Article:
“We must face up to a very stark fact: We are heading toward the most acute shortages of energy since World War II.
– Richard Nixon: November 7, 1973
The 1970s Oil Crisis: A Shocking Revelation of the United State’s Independence on Foreign Oil
In today’s world, it is easy to take for granted the mobility and independence that our automobiles provide us to travel to any location at any our own convenience. Whether it is embarking on a road trip, running necessary errands, or simply taking a leisurely drive, cars are indispensable tools—a means we rely on to maintain our daily lives. However, if we were to go back in time to the 1970s, this free accessibility to vehicular transport was threatened, inhibited, or in the worst of circumstances, not even possible. During this era, the American belief that gas would always be readily available was shattered. Fueling this spread of panic was the 1970s oil crisis.
In the years leading up to the 1970s, America seemed to assume that their oil supply from the Middle East would never cease. They were confident that the Middle Eastern suppliers were just as dependent on oil revenues as the United States was on their oil. However, this conviction proved false when the Organization of Arab Petroleum Exporting Countries (OAPEC) declared an embargo on oil that applied to any nation, such as the United States, that supported Israel in the Yon Kipper War. The embargo caused gas prices to soar, supplies to dwindle, and in the worst cases, cease to exist altogether. The critical shortage of such a crucial and dependable resource affected all aspects of American life during the 1970s.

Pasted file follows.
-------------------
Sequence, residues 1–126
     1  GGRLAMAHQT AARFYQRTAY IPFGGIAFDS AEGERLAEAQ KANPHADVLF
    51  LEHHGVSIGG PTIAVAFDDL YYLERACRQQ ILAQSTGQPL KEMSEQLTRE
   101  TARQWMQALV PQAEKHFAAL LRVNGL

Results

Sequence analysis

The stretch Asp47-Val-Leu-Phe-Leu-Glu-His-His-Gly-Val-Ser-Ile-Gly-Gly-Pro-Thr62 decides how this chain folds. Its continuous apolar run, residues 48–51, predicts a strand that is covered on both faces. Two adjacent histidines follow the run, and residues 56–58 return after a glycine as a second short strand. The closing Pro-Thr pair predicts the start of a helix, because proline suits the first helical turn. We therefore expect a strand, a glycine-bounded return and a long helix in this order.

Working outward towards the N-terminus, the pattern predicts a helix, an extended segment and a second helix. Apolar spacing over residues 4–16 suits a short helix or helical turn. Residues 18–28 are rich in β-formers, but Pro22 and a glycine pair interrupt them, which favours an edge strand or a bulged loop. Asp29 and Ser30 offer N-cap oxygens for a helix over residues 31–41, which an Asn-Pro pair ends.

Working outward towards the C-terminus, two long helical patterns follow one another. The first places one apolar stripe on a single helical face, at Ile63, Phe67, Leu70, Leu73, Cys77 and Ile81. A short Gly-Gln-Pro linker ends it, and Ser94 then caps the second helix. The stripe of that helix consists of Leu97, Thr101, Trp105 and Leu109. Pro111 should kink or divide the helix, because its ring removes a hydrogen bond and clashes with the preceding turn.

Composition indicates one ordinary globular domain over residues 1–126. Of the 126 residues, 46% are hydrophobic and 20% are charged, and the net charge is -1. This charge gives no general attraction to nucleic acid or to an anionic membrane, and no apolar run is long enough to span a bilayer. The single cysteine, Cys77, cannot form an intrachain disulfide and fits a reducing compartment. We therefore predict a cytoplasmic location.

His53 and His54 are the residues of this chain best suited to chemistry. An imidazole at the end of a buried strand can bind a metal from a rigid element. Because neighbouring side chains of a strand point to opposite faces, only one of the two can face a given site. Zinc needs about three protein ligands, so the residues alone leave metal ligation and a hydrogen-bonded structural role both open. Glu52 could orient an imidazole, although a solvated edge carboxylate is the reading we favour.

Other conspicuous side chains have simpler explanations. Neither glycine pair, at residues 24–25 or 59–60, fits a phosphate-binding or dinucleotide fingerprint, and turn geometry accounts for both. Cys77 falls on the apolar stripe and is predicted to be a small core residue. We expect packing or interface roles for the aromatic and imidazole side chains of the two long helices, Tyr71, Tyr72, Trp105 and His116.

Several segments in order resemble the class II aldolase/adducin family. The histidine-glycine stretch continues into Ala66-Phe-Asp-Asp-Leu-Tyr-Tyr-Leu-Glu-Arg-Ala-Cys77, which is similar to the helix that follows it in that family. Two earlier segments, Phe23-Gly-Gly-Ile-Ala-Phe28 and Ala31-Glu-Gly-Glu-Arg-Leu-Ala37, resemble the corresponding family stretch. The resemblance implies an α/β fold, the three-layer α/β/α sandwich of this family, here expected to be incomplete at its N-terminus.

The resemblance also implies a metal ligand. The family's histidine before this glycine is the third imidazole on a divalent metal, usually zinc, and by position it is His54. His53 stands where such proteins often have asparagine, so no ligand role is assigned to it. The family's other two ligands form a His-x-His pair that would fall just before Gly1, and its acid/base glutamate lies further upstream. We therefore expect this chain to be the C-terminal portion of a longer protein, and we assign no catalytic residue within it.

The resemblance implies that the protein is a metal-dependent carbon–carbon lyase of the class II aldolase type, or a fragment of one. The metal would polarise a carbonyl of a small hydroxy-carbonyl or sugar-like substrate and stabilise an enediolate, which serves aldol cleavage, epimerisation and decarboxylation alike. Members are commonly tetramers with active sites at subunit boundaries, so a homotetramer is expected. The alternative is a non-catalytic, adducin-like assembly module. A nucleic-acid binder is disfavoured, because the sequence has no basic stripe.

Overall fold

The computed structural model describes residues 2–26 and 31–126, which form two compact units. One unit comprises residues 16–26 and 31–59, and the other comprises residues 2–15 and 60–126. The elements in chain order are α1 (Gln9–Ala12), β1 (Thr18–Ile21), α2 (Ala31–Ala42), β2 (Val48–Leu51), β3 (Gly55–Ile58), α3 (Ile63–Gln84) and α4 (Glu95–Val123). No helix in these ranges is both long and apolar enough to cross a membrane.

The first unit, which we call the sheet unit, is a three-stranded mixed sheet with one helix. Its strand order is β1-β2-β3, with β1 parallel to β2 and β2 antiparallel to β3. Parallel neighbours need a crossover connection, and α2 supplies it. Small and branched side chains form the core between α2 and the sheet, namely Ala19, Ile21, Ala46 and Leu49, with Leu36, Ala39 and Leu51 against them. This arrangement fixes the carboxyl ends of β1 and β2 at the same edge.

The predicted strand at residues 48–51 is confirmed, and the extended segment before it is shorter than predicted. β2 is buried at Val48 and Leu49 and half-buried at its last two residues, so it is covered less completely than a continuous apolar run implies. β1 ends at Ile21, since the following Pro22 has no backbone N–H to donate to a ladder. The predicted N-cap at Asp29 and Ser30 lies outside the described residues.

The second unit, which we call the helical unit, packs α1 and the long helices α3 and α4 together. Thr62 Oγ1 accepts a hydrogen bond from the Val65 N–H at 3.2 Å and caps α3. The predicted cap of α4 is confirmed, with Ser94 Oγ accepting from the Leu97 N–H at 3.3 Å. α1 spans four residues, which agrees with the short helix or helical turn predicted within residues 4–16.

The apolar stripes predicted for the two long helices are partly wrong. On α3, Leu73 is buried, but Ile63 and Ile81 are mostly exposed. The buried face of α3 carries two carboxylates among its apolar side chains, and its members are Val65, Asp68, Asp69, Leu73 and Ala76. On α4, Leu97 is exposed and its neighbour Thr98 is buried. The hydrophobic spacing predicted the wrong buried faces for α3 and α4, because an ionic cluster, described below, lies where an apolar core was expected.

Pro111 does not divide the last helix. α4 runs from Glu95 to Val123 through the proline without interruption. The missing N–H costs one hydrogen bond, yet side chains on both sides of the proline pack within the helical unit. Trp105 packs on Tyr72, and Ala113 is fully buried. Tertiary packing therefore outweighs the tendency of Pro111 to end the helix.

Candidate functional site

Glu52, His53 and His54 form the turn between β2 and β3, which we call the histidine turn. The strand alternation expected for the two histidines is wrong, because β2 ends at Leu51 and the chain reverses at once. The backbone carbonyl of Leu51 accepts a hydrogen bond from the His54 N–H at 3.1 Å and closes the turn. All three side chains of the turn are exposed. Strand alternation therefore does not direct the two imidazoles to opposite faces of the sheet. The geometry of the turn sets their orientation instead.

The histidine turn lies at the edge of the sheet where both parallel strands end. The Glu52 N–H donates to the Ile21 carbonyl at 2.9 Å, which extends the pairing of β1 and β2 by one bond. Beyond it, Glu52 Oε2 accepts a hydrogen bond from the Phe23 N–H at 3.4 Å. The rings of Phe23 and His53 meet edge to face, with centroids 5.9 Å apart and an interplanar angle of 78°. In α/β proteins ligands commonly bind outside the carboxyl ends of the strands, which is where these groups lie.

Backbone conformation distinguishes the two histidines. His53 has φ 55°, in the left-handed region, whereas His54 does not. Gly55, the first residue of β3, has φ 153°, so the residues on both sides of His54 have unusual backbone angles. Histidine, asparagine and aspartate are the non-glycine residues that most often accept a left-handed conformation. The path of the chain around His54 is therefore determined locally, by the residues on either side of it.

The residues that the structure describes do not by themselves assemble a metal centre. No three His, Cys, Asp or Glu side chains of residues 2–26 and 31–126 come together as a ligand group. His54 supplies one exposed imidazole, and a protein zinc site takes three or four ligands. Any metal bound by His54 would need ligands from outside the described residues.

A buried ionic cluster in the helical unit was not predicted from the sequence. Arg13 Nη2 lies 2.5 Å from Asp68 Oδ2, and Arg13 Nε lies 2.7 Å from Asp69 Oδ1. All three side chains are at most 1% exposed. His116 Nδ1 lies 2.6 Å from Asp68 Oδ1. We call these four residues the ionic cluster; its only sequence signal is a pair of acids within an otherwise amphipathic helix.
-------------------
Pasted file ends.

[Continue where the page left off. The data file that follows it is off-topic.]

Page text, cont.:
Our group has decided to study this transformative event because it shaped American lives in the 1970s as society moved from a post-World War II economic boom into a serious economic recession relatively swiftly. Also, it complements other areas of study, particularly the reciprocal relationships between citizens and government and the foreign relationships with the Middle East. Energy policy and the petroleum trade continue to be pertinent issues in both domestic and foreign policy today. Desires for energy alternatives, shifts away from foreign reliance, and maintenance of peaceful relations with the Middle East are all frequent topics of debate in recent elections whose roots can be traced back to this decade when the energy crisis was first felt by the public at large.. Through videos, such as Mad Max, presidential speeches, like Carter’s “A Crisis of Confidence,” newspaper articles, and other sources of media, our group plans to delve into this oil crisis of the 1970s and explore the way in which the newly realized dependence on petroleum and the countries that supply it impacted the lives of individual Americans as well as American society and political policy in general.